Idea: A (deviously) effective online political campaign, stealth-style

by Alan Cohen

Perhaps the political campaigns have beat me to this, but here’s a somewhat slimy idea for a stealth way to market a political party online. It’s kind of an online equivalent of push polling, those fake, campaign-driven polls that ask questions like, “Do you support Obama’s job-crushing policy of raising taxes on working families, or Romney’s pro-growth policies for promoting a healthy economy?” Except that push polling is blatant, and many people hang up the phone. A well-conducted online equivalent, run by a SuperPAC with a neutral name, could be highly effective.

This can be viewed as a primer in how to lie with statistics. On the other hand, I think that most voters are ill-informed, and that they would vote quite differently if they understood the parties’ true agendas and records. Paradoxically, then, designing a misleading survey could actually produce better-informed voters – see my explanation at the end.

Imagine you’re browsing your favorite web sites, and you come across an ad with lots of flashing red and blue and a donkey and elephant. “Are you a Democrat or Republican? Find out here with our FREE survey…” Personally, I never click on these things, but I assume someone does, which is why they continue to annoy me on my favorite websites. So imagine you click on this.

You’d be taken to an intro page, which would explain that the survey will assign you a score between zero and 100, zero being completely Republican and 100 being completely Democrat. A disclaimer would state that the survey is not affiliated with any political party or candidate, and, though thoroughly researched, is solely for entertainment purposes. You then click on another button to start the survey. One at a time, you work your way through questions with a Likert scale. Here is a sample of what you might find:

1) How strongly do you agree with the following statement: “Women should have the legal right to have an abortion.”

Strongly agree – agree – neutral – disagree – strongly disagree

2) How strongly do you agree with the following statement: “The US constitution prohibits the government from restricting citizens’ possession of firearms.”

Strongly agree – agree – neutral – disagree – strongly disagree

At the beginning, the questions would be designed to separate people out on hot-button issues, giving a sense of fairness and making them think the survey was accurate, as in Questions 1 and 2. However, subtle choice of questions and wording would rig the final outcome so that most people (regardless of their true preference) would arrive at the same outcome.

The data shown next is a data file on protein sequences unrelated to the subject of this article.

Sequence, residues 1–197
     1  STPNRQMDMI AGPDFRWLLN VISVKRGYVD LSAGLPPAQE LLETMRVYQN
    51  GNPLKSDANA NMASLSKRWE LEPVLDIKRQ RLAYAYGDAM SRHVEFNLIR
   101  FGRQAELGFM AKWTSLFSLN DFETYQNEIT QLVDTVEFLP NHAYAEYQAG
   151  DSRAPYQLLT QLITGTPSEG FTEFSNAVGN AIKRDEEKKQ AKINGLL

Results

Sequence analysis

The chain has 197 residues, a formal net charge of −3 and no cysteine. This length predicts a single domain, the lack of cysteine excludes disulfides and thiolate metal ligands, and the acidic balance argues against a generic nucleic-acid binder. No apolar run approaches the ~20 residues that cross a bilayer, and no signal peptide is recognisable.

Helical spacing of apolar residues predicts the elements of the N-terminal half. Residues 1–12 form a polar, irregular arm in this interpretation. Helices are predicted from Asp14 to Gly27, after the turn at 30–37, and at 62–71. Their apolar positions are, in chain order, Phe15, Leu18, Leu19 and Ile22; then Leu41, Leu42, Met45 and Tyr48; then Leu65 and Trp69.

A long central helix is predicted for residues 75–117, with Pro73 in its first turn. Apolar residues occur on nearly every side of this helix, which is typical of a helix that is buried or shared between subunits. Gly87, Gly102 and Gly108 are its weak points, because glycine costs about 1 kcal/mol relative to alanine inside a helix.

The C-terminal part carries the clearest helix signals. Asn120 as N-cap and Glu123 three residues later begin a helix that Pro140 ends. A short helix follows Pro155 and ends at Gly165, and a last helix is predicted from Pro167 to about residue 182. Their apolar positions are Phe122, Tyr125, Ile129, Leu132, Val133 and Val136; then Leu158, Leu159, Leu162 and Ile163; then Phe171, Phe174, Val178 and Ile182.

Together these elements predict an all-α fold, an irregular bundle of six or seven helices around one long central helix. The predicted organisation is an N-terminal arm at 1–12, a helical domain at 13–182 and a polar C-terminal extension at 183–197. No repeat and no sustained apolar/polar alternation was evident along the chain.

Here are some examples of questions that would favor Democrats:

14) How strongly do you agree with the following statement: “Health insurance companies should not be allowed to refuse coverage to people with pre-existing conditions.”

Strongly agree – agree – neutral – disagree – strongly disagree

15) How strongly do you agree with the following statement: “Currently, middle-class people pay more than their fair share in taxes, and rich people do not pay enough.”

Strongly agree – agree – neutral – disagree – strongly disagree

These last two questions are carefully worded to be questions that most people of both parties will agree with, and also where agreement will favor Democrats. By choosing lots of neutral questions (like 1 and 2) and lots of Democratic questions (like 14 and 15) but very few Republican questions, the survey can have an air of authenticity, but still be quite rigged to produce a certain outcome, at least for most people.

Another way to think about this is that each question has a weight, implicit or explicit. If each question counts for the same amount, but I ask one question on abortion and 10 questions of health care, I am weighting someone’s opinion on health care 10 times more than their opinion on abortion. One can get around this by asking more abortion questions, or up-weighting the abortion question (letting it count for 10 times as much). But in the end, it is always a subjective exercise in defining what issues are most important in separating people out. A more accurate survey would let people assign their own weights to each topic, regardless of the number of questions. But we want to manipulate things (heehee!) so we won’t do that.